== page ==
By the time I was a kid, “jazz” equated to the trappings of A/C radio, a “punchy funk,” maybe, with spicy Mediterranean colors, a couple “ooh-la-las” thrown in like sweet barbs; Chrysalis Records, etc. It was a bloated, overproduced, objectively ugly sound. But I came to love it with all my heart. And so I’ll never forget the first time I heard “Rainforest.”
The jazzbos never liked fusion, branding it something like a sort of kind of heresy. And so, to paraphrase Xgau: boo-boo on them, that’s fine. Every once in a while, though, I guarantee you, jazzbos, you get an itch and notice a second figure in the mirror…
Like good noodles, it can be hard to find fusion that doesn’t wilt into self-parody, for better or otherwise. And so I, playing the screen game, happened upon Vocabulary, prepared for the best and hoping for the worst. But it is a unique record: It doesn’t just recapitulate the phylogeny of Seattle jazz itself; it also carries this sonic history with a considered, individual gait. With its experimental, techno-inspired flavor, it gives new meaning to the term club jazz.
It must be said: though Seattle has a rich history in jazz, you probably wouldn’t know it today. In the post-war era, police tolerated a burgeoning after-hours scene in what is now the Chinatown/International District. At its peak, more than two dozen jazz clubs existed along Jackson St. alone, including ones like the Black and Tan. A who’s who of greats all got their start here: Ray Charles, Quincy Jones, Bumps Blackwell, Ernestine Anderson, et al.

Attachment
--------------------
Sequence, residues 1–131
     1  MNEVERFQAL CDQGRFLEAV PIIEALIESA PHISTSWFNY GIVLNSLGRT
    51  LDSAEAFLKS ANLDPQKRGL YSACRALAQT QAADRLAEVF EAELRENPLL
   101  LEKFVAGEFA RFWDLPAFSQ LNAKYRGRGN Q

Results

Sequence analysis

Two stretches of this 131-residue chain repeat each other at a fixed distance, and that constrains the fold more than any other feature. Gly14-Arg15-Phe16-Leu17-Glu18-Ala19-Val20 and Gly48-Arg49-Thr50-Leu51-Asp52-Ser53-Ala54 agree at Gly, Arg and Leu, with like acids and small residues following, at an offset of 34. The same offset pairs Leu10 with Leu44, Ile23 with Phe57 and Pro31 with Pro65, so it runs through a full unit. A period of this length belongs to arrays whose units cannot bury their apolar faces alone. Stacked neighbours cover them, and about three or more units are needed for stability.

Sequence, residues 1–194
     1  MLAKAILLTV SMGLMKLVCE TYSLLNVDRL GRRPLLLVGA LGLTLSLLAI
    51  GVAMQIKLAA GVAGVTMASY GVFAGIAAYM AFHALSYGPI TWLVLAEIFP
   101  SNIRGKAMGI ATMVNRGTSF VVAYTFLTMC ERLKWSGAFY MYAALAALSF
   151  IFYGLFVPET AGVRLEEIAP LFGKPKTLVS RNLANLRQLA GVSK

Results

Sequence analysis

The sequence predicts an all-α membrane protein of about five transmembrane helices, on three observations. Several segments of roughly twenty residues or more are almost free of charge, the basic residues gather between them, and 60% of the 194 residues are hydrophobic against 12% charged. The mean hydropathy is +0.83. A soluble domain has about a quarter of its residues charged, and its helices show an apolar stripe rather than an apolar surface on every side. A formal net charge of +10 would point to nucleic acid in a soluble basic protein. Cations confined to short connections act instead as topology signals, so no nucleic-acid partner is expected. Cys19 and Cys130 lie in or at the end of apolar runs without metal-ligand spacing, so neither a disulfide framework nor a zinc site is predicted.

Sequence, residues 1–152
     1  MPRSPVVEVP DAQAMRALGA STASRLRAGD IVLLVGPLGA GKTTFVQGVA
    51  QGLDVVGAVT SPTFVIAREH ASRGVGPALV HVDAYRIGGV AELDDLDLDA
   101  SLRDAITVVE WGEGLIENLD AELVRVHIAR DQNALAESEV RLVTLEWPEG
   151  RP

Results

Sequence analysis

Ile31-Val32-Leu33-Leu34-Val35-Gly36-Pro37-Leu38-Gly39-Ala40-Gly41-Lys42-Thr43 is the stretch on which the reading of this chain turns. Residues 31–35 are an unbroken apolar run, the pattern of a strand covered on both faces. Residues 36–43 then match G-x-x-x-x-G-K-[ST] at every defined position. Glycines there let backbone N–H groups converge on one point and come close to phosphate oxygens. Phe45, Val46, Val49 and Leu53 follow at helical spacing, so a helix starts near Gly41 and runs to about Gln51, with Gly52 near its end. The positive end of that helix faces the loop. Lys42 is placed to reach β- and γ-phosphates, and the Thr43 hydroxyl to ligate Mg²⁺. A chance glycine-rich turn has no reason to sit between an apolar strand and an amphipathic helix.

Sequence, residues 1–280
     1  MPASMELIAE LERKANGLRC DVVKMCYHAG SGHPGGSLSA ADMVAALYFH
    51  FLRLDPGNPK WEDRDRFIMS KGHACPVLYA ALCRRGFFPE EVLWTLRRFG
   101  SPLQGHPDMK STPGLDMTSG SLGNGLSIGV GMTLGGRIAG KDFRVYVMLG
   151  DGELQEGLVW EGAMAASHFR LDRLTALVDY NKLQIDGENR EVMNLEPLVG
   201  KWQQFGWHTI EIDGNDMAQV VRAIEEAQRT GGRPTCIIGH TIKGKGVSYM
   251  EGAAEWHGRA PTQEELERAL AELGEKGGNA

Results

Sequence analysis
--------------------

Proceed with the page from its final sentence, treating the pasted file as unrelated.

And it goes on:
It is this heavier-than-heaven tradition that Vocabulary initially seems to tackle, which is a tall order to be sure. But it nails cold fusion: after a bait-switched introductory statement (“feat. Phil”), Vocabulary gets going with a flourish of keys. Like a medieval mode, it outlays the outset. It’s soon matched by blunt, refracted rays of percussion, rapid-fire thrums rum-a-pum-pumming against your bare shoulders. And it’s all uptempo: a positively frightening start, all arpeggiated, falling short of barre-bary.
The following tracks initially seem to retrace this model in their own ways. That is, until we reach “Things Will Change,” where, with that coprophagic grin of a title, things really begin to change. The record gets funkier. Eric B.-like scratches emerge like charmed snakes. With precise spin and velocity, the blunt rhythmic repetition enforces the un-codified, unspoken jazz constitution: change over time. Summery sus chords abound. And so Vocabulary embraces a careful, but hardly turgid, experimentation. The music, while dabbling in various genera, manages to remain true to its own musical center of gravity.
As if aware of its place on the shelf, Vocabulary expresses a sonic vision of what jazz can be, but doesn’t necessarily have to be. And so it is modestly produced. Hardly rote, the improvisations feel righteously inspired, but never arrogant or bloated. The sketches are certainly complex, but still feel loose enough to swing. And isn’t that what jazz is about? Swing? Gil Evans once said, “jazz has always used the rhythm of the time, whatever people danced to.” In that spirit, Vocabulary reflects the richly variegated rhythms of our time.